I'm incredibly thankful my 17 month old has never had problems eating. She eats EVERYTHING. She's on a ketchup kick, where she likes to dip everything in ketchup, but that's the most demanding she's been about any food-ish things.

Sorry T. I've got no advice.

My four and a half year old is a shocking eater. I've watched her give up food after food after starting out as a toddler who ate anything. She has issues with foods with textures (and I've always let her get elbow-deep, mess be damned so it's not that) and sticks to a few familiar things. I worry constantly that she's not getting enough, and not getting enough of the right foods. I tried the "she'll eat when she's hungry" but she's gone days without hardly any food like that and is so thin she can't afford to. So although I still make her try what I've cooked, I have to admit I end up supplementing with what she wants (you can have a peanut butter sandwich - after you've had a piece of this broccoli). I am like you and cannot bear the thought of my child going hungry, even for a few hours. I know what a disgusting feeling it is, and I'm not putting it on her.

On the other hand, my 2 year old eats anything we give him and is very laid back about the whole affair.

I agree with the others that you need to let the kids make a big mess and get into it themselves, but I'm in no position to give assvice about "being tougher" because I'm definitely not. One other bit of assvice though, multi-vitamins are a good way to make you feel better as a parent. Sort of an insurance policy!

I used to sing Old Mac Donald had a Farm when they first starting foods but that got old.

Now if my son starts throwing food he immediately gets put down from high chair.

Mine don't quite eat with utensils yet but are starting to get it but they eat fine with their fingers.

We dont' allow toys on their trays and they rarely get sweats other than fruit. My daughter does have a fixation with her blanket but it rests behind her head.

As with my singing - it stopped working and I never did anything else. If they don't want to eat, just let them down. They definitely won't starve. Mine know how to pound the fridge and let me know they want something which helps so I'm sure they'll find some way to let you know they are still hungry.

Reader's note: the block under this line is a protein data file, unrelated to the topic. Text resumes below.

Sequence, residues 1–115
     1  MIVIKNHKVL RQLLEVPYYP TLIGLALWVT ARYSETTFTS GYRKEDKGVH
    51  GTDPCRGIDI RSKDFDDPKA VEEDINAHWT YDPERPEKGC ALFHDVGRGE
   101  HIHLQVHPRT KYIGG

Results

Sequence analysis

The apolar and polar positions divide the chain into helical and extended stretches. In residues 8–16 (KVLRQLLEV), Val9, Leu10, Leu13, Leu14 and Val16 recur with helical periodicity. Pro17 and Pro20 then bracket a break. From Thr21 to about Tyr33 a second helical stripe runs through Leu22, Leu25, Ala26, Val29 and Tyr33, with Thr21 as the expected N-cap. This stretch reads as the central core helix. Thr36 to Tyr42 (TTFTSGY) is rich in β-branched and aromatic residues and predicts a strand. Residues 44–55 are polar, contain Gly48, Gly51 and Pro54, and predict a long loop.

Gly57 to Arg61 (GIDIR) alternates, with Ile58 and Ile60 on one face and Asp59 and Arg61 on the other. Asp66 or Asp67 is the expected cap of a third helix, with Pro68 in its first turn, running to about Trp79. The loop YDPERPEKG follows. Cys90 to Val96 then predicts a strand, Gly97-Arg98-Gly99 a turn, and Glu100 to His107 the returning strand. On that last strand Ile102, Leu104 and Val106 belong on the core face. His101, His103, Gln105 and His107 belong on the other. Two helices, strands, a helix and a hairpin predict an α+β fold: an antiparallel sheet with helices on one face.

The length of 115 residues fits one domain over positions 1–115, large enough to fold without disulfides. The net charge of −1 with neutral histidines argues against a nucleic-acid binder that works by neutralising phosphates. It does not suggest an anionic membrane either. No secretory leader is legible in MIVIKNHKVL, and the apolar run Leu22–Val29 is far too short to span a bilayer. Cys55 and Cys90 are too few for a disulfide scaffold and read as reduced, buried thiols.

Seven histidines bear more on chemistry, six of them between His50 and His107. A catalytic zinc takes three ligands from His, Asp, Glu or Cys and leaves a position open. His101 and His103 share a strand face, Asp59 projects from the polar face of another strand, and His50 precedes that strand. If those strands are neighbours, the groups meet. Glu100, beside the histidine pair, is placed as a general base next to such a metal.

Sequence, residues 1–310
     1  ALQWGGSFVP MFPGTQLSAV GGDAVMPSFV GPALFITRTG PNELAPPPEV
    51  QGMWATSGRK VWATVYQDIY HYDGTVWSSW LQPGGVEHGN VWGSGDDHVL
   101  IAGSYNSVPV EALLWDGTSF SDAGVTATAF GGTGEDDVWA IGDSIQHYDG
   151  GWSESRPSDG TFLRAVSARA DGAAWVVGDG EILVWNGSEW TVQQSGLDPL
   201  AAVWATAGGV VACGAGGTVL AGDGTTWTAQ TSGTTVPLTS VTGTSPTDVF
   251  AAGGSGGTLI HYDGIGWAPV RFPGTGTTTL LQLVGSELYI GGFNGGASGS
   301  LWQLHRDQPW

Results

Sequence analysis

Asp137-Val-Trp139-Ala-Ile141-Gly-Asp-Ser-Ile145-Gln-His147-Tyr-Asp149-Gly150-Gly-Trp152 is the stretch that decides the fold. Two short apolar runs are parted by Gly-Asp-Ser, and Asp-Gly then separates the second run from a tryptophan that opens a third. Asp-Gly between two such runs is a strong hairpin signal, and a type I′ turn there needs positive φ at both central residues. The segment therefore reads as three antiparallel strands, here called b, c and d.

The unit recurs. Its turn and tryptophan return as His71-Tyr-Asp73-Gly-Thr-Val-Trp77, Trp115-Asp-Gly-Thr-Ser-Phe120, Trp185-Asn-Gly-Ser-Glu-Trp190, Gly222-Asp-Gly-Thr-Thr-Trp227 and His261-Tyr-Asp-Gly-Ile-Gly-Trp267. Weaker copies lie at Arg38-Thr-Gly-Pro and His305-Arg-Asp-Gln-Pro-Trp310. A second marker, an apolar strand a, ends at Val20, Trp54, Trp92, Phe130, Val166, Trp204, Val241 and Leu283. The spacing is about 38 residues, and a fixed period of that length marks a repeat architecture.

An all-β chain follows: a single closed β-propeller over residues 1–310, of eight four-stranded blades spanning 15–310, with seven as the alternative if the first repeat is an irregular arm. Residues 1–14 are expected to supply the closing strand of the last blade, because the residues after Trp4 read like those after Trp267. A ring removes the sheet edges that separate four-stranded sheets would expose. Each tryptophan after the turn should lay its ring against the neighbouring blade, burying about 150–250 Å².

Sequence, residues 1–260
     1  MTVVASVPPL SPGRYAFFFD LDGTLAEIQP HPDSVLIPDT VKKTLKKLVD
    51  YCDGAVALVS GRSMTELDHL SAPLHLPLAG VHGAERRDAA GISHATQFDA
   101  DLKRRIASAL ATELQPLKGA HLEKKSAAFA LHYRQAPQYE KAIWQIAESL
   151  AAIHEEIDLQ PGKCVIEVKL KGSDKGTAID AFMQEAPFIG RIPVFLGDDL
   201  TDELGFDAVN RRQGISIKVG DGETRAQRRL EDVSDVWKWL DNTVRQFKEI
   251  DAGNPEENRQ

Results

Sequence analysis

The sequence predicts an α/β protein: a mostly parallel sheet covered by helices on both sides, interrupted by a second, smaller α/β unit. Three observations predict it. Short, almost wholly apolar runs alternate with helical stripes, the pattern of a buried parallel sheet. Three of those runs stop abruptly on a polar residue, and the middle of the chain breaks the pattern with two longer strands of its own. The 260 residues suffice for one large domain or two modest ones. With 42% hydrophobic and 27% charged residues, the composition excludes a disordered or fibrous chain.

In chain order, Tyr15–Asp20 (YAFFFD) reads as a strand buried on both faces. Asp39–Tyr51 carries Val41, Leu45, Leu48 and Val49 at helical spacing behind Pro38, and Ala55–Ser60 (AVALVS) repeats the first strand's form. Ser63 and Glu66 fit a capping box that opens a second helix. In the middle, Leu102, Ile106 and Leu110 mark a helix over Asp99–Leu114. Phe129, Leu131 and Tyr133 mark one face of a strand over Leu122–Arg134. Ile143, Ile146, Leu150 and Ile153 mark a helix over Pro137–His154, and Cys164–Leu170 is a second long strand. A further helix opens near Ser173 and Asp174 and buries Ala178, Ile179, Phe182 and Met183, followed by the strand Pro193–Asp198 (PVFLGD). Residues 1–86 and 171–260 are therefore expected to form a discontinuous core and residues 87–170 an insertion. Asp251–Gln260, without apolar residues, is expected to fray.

Good luck - feeding is hard - it does sound like you aren't happy with the situation and since kids constantly change - you can change too.

BTW I hate the spoon flinging food also - v v messy.

My daughter is a week younger than Adam and Kate, so I always enjoy reading what your two are doing/going through, knowing that we may be in the same boat shortly. She's a decent eater, and I don't do anything to entertain her while she eats. I am concerned about her getting enough, simply because she's always been small--around 3rd percentile for weight; 20 pounds at 18 months. (This is also probably a long-time holdover from her two weeks in the NICU, when we watched every calorie. I really must lose that...) So I'm uncomfortable just letting her skip a meal if she's not interested with what I initially offer. I'll usually offer 4 or 5 things until we hit on a couple that she feels like eating. That being said, what I'm usually offering is peas, corn, tomatoes, blueberries, sweet potato, asparagus, and other fruit and vegetables. If all else fails, I can always give her a plate of broccoli, one of her favorite foods.

She doesn't like most higher-calorie foods, such as pasta, rice, most breads, meat, milk, etc. She'll eat cheese sometimes and drink 4 or 5 ounces of milk a day, but then she loses interest. Getting calories into her can thus be a bit of a challenge. She loves french fries and fruit smoothies, but we only get those when we eat out so she doesn't come to expect them at home. And I usually don't keep cookies or other treats (besides Veggie Booty and dried fruit) around, so she doesn't get in the habit of eating them. This approach works for us, but all kids are different. I agree with what lots of other posters have said, that letting meals become a time of work and stress can just set you up for problems down the line. Find what works for you and your family and go with it!